Two poles on a circle also can help with controlling pace and track.

How broke is this horse on the flat generally? Counter canter to jumps can also help to regulate the horse if the counter canter is pretty reliable to ride.

If super rideable on the flat, working canter to canter pirouette (quarter or half turn) back to working canter is a challenging exercise. Bonus points if you have a lot of room and can throw in a little lengthening in between.


I love to lengthen and shorten randomly. Extend down the long side, shorten half way. Don’t be predictable. Where most people would say shorten or lengthen, say the opposite.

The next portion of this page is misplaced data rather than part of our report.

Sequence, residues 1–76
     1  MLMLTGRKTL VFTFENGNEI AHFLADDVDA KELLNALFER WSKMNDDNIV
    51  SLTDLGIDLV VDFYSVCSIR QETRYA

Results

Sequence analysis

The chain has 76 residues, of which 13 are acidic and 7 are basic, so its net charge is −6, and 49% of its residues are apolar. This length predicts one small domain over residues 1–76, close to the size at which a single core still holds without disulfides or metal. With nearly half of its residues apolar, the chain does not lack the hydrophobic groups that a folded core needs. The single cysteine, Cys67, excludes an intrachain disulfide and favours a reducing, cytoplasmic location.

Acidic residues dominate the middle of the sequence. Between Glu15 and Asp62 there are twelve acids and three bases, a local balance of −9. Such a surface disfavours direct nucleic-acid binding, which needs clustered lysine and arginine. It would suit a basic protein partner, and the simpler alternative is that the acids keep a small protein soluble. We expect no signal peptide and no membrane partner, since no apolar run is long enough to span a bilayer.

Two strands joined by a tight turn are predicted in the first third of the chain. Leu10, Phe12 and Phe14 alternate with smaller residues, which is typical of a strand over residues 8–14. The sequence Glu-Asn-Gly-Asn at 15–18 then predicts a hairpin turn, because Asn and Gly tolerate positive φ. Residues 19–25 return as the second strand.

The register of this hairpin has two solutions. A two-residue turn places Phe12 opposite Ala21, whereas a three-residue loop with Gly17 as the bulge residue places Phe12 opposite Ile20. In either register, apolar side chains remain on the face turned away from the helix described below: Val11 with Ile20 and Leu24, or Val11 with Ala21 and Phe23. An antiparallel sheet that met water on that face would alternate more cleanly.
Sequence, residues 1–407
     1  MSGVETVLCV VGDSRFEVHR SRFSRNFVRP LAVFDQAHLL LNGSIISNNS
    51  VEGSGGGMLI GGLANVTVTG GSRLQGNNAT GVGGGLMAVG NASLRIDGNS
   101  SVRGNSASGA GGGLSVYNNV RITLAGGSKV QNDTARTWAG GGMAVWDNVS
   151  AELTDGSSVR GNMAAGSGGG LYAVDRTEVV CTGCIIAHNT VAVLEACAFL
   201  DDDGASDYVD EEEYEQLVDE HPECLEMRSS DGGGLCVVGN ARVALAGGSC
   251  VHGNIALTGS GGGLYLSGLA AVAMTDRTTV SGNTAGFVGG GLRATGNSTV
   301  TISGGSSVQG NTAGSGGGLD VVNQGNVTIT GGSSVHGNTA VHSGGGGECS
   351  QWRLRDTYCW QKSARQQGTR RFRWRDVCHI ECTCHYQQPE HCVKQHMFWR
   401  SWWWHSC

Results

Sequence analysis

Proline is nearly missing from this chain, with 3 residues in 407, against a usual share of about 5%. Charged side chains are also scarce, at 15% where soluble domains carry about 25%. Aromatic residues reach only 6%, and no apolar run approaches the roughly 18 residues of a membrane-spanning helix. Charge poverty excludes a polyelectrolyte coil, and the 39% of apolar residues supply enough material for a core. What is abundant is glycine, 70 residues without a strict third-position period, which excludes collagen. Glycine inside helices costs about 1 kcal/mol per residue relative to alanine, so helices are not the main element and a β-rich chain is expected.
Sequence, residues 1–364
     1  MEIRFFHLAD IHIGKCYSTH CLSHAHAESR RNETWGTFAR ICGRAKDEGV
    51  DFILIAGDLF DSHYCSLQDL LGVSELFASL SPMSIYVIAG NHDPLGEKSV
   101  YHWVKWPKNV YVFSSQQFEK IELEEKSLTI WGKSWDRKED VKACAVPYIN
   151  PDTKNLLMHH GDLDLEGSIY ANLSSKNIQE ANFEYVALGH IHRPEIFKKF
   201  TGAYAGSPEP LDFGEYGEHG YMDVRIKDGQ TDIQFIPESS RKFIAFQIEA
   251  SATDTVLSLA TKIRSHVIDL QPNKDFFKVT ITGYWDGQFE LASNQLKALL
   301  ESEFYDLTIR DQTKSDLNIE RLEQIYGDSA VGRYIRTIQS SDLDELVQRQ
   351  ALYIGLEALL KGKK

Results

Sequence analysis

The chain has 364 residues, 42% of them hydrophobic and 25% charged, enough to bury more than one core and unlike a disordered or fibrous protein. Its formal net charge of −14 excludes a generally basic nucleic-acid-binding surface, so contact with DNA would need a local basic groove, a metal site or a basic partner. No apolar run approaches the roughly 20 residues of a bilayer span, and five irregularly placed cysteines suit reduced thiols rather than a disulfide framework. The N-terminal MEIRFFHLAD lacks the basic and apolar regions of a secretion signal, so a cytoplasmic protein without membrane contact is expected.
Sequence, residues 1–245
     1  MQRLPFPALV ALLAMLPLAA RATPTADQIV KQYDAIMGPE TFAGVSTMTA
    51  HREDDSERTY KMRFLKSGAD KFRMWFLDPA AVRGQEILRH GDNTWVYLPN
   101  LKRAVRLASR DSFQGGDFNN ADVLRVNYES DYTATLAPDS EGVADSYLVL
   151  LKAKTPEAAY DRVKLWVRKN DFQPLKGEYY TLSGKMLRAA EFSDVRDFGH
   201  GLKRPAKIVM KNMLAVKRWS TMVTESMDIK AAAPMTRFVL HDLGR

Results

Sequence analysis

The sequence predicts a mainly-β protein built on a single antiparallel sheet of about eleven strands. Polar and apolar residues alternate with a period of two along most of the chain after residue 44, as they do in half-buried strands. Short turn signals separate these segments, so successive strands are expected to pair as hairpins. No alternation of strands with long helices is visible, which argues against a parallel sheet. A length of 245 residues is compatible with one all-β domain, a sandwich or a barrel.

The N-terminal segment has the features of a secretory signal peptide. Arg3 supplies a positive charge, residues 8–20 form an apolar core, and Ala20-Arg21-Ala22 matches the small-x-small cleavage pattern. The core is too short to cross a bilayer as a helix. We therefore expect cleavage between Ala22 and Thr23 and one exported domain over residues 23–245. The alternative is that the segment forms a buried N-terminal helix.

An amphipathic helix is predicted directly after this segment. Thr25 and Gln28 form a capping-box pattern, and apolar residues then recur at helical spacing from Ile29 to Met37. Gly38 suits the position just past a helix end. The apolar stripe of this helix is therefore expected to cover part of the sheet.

The two pole exercise is great for this too, as is the three pole exercise if your arena is big enough. Long through the first two, shorten and add on the second two.


These are amazing responses thank you so much!! Truly appreciate these, gives me new ideas when we can’t truck out to lessons.

I would consider him very well schooled on the flat, just a bit tough in the mouth and maybe not as well schooled to the seat. Yesterday we did lots of forward and back in the gaits, shoulder in and SI to side pass, changes on the serpentine, then thinking of almost passage and then forward. He’s got flexibility in the body just not quite as responsive as I would like to see personally.

Not to mention I am petite so very likely that his previous taller rider hit different areas so some mixed signals are possible on my end.

He is mega smart and dedicated so these new ideas will help immensely, thank you!


He sounds super fun!